Valentine's Day in Quarantine?
Valentine’s Day is celebrated on February 14.
It’s the day we show our love to our spouses, our boyfriends and girlfriends, our moms, and grandmothers. Some of us even buy our pets a cute gift for this special holiday.
It is also the month that we forget that our teens need to see, feel and hear how much they are loved, liked and appreciated.
Not long ago, our teens brought chocolate to school with them on or around the 14th. We shared handwritten cards with each other. We gave our favorite teachers flowers or candy for Valentine’s Day. But, with this virtual school world of 2020-2021, socialization is out the window.
Last May, The New York Times reported that most experts expect to see rates of depression and other psychological disorders increase in the coming months, as the pandemic continues. At the same time, mental health professionals concede that it’s becoming increasingly difficult to distinguish clinical depression from the COVID-19 blues.
And isn’t your teen moodier than ever?
In January, Forbes reported new and alarming statistics from a survey of American teens.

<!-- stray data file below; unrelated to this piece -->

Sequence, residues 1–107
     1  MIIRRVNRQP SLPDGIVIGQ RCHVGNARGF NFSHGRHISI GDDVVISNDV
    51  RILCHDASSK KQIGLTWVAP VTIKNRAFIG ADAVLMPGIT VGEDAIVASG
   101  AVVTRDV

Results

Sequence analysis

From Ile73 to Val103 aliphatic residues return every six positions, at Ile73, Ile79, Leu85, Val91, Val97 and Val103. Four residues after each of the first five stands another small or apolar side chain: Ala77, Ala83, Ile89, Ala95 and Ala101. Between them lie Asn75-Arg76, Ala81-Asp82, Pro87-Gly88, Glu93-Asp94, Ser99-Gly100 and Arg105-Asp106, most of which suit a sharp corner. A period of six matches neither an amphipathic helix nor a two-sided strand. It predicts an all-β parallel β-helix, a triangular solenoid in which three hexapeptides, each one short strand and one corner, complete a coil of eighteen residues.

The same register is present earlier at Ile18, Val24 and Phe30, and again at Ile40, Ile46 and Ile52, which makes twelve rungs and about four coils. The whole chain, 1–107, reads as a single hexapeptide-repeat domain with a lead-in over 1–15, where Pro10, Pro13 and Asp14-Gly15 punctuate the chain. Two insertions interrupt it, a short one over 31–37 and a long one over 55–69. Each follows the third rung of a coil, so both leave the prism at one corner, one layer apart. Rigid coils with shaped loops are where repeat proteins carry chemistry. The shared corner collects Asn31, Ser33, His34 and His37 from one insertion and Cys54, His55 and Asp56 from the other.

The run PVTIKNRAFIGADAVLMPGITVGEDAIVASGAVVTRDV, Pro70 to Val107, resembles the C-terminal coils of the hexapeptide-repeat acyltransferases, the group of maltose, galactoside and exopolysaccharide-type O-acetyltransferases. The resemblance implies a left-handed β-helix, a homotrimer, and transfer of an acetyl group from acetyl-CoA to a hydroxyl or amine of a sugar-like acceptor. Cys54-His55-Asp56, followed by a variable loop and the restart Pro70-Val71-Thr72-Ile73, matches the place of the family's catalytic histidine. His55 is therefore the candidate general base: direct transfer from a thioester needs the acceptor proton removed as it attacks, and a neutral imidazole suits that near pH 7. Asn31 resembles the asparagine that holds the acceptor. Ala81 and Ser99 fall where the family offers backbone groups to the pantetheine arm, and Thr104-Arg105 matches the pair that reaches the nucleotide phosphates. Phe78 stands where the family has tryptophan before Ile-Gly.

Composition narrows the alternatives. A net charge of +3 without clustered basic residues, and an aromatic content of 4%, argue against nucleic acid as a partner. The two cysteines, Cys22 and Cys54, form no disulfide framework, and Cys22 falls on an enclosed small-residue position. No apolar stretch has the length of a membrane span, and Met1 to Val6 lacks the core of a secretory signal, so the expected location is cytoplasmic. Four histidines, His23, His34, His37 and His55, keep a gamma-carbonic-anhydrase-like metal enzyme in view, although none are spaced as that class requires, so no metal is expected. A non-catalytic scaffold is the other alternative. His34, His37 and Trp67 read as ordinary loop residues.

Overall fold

56% of teens reported that they personally knew someone who considered self-harm and suicide, but less than one-third (32%) believed their school was prepared to handle this issue, demonstrating that school leaders need to address social and emotional safety in addition to physical safety.
To add to the concern, these statistics are showing diminishing confidence and feelings of security compared to a similar Navigate360 poll from August 2020.
Only 36% of teens reported that they knew who to call or where to seek out help. Less than half (42%) believe that their school truly cares about creating an atmosphere of physical and emotional safety.
And perhaps most sadly, only 58% of teens said they felt safe at home, yet virtually all of them are being home-schooled this year.
Despite the end of the 2020 calendar year, a new President, and the availability of vaccines to the general population, there is still much fear and uncertainty among our youth.
So as a reminder to all of us—especially those who are in close social contact with teens—reach out and talk with your teen.
Ask them those important questions that we have written about so often and posted under our Blog and Resource tabs on our website. You may feel like you are asking too many questions, too much probing, too much creeping into their personal space. But consider this: the alternative to this may be heartbreak.
The best way to deal with anxiety and depression begins with a great in-depth conversation. You cannot begin to fix a problem until you know that there is a problem.
As always, please do not hesitate to reach out to us for help.
All my best,
Founder, A Brighter Day